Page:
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Left counting the cost after mystery sudden death of one of my beef bulls


Various coloured cattle in a corregated iron cattle house.

Various coloured cattle in a corregated iron cattle house.

Getty Images

Photo: Alf Harvey.

Photo: Alf Harvey.

Alf Harvey


Various coloured cattle in a corregated iron cattle house.

One morning last week I knew there was something wrong as I entered my beef bulls’ slatted shed. They were all up eating except one lying at the back stone dead.

It was a big shock. I have often lost animals on the farm before but nothing of this value. I entered the pen to investigate further but I could not find any evidence of anything out of the norm that might have led to his untimely end.

This batch of bulls rarely took part in the usual bull activities. Maybe I gave them too much meal the evening before or maybe not enough straw for fibre.

Whatever caused his death it was sudden, but it was a big hit to take and a heavy financial loss.

We sometimes don’t factor in mortality of a certain percentage of stock to the real cost of producing these animals.

The beef bulls in the shed had been thriving and I am aiming to have them finished in June.

They have been a hard batch of cattle to finish with an adequate fat cover for some reason. I think they were stunted before they were housed and it has taken a long time for them to pull out of it.

I was hoping for a decent price rise to compensate for the volume of meal they have eaten.

I haven’t calculated it yet and something tells me I should remain in the dark on this matter for the moment until I have them sold.

They would have definitely made as much as stores, minus the cost of the meal, not to mind the work in feeding them. It is something I will have to bear mind for the future.

The lesson I have learned from the whole episode is to move/sell animals that bit sooner and not be waiting for the heavier carcass.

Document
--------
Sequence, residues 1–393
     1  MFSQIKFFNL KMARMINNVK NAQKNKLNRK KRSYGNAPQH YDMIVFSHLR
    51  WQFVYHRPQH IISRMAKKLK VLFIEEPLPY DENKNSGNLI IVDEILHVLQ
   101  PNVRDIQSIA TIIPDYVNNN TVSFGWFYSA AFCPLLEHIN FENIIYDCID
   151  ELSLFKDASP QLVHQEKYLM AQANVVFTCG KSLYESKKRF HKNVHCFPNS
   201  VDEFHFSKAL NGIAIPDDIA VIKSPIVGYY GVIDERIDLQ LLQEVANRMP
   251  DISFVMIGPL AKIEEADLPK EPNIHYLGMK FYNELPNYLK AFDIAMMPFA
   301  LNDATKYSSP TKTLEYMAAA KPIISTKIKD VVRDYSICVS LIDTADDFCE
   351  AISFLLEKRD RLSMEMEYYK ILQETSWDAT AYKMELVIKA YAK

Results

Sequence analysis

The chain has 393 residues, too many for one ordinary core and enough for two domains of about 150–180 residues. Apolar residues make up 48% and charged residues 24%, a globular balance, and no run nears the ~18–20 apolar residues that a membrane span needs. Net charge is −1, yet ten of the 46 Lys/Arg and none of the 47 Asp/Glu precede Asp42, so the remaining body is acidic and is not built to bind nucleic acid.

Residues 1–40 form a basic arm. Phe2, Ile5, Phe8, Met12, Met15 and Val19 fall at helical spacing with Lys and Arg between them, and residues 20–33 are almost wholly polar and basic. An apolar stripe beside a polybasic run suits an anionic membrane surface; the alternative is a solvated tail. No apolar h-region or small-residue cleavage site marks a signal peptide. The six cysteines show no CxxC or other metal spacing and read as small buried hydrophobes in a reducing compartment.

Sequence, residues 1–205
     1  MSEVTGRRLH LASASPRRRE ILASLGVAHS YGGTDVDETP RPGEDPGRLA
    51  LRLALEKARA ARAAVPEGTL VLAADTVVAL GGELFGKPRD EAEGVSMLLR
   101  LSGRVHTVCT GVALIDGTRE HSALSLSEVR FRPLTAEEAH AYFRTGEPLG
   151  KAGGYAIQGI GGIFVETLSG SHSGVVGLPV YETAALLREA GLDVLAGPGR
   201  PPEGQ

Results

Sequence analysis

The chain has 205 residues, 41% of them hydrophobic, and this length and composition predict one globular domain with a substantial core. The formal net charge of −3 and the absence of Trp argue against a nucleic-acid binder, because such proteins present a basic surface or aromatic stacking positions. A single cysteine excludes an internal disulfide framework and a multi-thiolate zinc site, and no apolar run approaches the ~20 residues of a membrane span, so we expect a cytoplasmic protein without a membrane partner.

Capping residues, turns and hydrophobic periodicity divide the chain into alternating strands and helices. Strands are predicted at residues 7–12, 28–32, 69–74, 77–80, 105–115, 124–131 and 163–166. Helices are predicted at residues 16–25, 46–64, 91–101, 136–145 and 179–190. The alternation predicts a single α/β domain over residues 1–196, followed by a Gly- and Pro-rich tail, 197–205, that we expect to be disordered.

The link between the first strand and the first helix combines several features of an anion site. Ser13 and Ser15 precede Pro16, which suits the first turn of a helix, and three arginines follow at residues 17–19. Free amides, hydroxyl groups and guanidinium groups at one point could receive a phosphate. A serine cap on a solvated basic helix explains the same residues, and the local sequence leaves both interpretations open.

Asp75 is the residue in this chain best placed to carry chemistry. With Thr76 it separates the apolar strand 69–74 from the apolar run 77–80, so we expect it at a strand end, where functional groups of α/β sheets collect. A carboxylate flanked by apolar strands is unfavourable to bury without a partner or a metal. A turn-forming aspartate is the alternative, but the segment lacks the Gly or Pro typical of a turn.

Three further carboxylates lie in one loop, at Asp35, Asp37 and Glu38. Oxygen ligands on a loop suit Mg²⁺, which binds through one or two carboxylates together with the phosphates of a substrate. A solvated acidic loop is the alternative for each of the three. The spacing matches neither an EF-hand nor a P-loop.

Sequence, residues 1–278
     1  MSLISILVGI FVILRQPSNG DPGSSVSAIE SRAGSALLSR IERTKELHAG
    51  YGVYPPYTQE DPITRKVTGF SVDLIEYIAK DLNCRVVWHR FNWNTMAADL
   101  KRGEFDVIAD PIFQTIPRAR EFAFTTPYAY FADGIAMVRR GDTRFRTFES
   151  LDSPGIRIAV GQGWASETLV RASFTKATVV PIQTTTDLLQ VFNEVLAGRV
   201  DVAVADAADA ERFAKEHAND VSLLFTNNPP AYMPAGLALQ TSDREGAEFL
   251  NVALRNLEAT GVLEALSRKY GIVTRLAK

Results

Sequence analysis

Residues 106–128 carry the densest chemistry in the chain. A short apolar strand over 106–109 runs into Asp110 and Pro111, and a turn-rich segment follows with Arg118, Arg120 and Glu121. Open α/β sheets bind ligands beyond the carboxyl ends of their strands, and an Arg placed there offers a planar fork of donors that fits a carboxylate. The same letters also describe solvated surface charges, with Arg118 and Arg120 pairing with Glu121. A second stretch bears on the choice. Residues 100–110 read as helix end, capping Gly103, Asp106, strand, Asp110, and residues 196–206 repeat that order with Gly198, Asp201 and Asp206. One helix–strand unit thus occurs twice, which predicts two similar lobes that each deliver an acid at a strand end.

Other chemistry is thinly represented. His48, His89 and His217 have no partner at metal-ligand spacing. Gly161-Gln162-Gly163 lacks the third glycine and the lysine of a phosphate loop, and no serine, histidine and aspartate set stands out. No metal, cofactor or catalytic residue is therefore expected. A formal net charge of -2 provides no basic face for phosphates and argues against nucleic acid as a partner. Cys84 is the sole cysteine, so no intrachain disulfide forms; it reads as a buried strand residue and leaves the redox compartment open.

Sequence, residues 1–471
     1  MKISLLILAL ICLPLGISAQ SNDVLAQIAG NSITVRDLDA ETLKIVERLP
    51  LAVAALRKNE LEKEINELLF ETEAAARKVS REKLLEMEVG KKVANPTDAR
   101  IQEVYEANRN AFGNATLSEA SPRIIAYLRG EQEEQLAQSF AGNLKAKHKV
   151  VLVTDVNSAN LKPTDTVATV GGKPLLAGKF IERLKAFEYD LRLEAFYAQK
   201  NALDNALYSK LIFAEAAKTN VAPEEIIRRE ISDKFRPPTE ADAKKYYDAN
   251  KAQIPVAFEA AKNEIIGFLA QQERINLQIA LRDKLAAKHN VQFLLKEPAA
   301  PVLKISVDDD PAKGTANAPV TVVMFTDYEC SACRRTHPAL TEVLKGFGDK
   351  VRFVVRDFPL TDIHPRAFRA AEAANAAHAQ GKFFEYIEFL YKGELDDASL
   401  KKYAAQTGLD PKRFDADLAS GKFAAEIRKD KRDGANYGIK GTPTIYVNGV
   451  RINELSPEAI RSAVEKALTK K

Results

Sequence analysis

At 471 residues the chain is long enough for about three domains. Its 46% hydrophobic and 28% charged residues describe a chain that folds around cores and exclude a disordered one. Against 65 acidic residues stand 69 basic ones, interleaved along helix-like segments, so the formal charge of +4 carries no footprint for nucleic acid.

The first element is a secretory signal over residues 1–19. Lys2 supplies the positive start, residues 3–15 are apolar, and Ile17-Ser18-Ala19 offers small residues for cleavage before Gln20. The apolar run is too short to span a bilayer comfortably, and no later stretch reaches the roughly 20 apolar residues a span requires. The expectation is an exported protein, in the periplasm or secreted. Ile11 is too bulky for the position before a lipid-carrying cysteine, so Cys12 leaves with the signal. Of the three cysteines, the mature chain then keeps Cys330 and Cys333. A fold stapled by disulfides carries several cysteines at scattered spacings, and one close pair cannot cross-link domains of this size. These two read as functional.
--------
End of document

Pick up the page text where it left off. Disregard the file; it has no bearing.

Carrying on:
I think we don’t focus enough on the number of days we have animals on the farm — we are more interested in the end weight.

Aside from my bull’s demise, I doubt I am the only person at this time of the year wishing for rain in one field and sunshine in another.

Grass growth has slowed down around these parts due to the dry and harsh conditions. Cattle are keeping on top of grass, with nothing getting strong or ahead of them.


In saying that, animals are contented and thriving.

It might be a lesson that I should have more of the fertiliser spread earlier, as anything I have spread in the last month has got little or no rain to get it working.

Meanwhile, my Beef and Lamb Assurance Scheme certification is due to expire in early July and I got a letter last week saying it will be carried out remotely in the coming weeks.

I have never done something like this before, but it is the times we live in and sure it will be interesting.

It will involve a phone call from the auditor and uploading 18 photos or pieces of information onto your remote audit link.

It is probably going to involve a little more work taking photos and uploading them — I am not sure how user-friendly the site is.

I have completed six on-farm audits; I always prepare for them as best I can, and I don’t see why I can’t do the same for this one as well.

In saying that I will still have to chase down some paperwork to try to get over the line on the first go.

The plan is to use my iPhone for the job as I will be able to access the internet and have the photos of the information on the same device.

Maybe it will be the way of the future regarding inspections.

Indo Farming